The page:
December 25, 2000

First there was road rage, then there was air rage, and now the World Wide Web has been added to the pantheon of frustration with Web rage. According to a new survey released by Roper Starch Worldwide and sponsored by WebTop, the next generation search engine specialist and subsidiary of Bright Station, the dizzying amount of information available on the Internet has brought about this new phenomenon. According to the survey, 71% of Internet users get frustrated when searching the Internet for information.

Thirty-four year-old Vita Austria, an administrative assistant for a manufacturing company in Rhode Island, is aggravated: "When I first started using search engines, I was amazed at the amount of information I could find. But lately, my searches are coming up short. Instead of finding what I need, I end up being linked to silly and useless information, advertising banners and promotional garbage. Is it just me or is searching getting more stressful?"

More often that not, Vita ends up giving up her online searches to call an actual person for the information she needs. Recently she was called upon to gather information on the helicopter industry and ended up finding results on toy planes and tips on how to fly helicopters. Vita adds, "I just want to find a search engine that gives me more focused results."

While the Web is wonderful, it is no universal remedy. New technologies do not necessarily mean less work. According to Laurel Smith-Doerr, Assistant Sociology Professor from Boston University, "I think that people tend to feel ambiguous about technology. On the one hand, having access to the Internet and various search engines allows us to locate information much faster than in the days of card catalogs. On the other hand, access to the Internet may produce a sense of 'information overload' when thousands of hits result from one search."

Smith-Doerr further explains, "While I think that many people realize that Internet searching may save time, this positive feeling can create unrealistic expectations about the actual time required to find information online."

How do users feel about the avalanche of data at their fingertips? Stressed out. According to the Roper Starch survey:

Over one-third (36%) of Internet users report that they spend more than two hours per week searching the Web for accurate information.

A majority (71%) of Internet users get frustrated when searching the Internet for accurate information. On average, it takes about 12 minutes before a user gets frustrated when searching the Internet.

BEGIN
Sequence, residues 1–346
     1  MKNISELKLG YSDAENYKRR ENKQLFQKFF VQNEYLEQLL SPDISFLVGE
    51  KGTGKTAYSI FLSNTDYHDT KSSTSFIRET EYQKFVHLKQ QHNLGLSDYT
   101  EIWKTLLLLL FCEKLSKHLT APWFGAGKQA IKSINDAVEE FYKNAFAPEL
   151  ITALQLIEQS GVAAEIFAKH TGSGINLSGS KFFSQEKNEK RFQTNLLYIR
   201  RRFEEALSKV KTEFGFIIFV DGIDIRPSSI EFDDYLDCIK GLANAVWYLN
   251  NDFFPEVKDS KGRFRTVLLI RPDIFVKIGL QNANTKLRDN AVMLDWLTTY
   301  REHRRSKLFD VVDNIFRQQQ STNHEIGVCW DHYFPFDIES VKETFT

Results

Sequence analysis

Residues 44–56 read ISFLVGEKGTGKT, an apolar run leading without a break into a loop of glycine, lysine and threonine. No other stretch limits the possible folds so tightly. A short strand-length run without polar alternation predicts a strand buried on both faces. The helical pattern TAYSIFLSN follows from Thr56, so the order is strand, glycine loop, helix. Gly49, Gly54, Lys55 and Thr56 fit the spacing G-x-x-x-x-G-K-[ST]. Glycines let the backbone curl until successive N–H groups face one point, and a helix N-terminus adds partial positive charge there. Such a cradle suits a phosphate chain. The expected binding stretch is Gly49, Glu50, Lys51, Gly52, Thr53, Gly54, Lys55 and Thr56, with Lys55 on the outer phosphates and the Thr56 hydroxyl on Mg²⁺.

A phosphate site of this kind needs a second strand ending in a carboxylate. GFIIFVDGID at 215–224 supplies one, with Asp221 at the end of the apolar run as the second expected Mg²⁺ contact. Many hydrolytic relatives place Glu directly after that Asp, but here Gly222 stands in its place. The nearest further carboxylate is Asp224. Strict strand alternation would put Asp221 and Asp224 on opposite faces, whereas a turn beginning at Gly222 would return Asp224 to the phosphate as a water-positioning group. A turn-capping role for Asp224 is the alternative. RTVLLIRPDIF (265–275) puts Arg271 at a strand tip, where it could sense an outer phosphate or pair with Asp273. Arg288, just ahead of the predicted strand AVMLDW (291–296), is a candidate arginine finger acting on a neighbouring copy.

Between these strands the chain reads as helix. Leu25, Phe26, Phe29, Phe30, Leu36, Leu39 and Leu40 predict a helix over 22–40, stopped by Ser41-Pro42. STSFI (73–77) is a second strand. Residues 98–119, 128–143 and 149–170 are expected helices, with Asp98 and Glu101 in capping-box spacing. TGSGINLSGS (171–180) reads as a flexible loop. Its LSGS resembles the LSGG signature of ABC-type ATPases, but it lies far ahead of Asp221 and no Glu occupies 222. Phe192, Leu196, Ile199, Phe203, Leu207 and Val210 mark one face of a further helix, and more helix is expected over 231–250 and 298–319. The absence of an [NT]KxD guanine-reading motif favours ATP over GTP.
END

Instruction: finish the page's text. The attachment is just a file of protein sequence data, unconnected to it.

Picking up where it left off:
46% of users said uncovering the wrong information during an online search is frustrating.

86% of users feel that Web searching could be more efficient.

Andy Mitchell, search expert and Chief Executive Officer of WebTop says, "What online searchers need is a reliable source for fast, accurate information. WebTop recognizes this need and we're dedicated to developing solutions to ensure that the user has a pleasurable experience online."

Following is a list of tips from WebTop for putting an end to Web rage:

More words equal better results. Use a search engine that accepts longer, detailed queries rather than simple keyword searches. The user is more likely to receive relevant results by providing the search engine with a phrase or body of text to analyze.

Categorized results. Rather than using an engine that simply lists hundreds of results, look for one that attempts to organize results in a logical way (i.e., Webtop's Zones).

Ease of use. Look for a search engine that can be used as a desktop application. WebTop allows users to drag and drop text into a desktop application without launching a separate browser.

Up-to-date information. Although a search engine may have a large database, does it re-index its pages every day? If not, you may not be getting the most up-to-date information as in the case of WebTop, which re-indexes 15 million pages per day to keep its half a billion page index current.

The findings presented in this report are based on telephone interviews with a national random cross-section of 566 adults, 18 years or age and older who access the Internet either from home and/or away from home. The findings in this report are projectable to this population with a margin of sampling error of plus or minus four percentage points. Subgroup analyses will have a larger margin of sampling error. The interviewing was conducted from July 27, 2000 to August 1, 2000.

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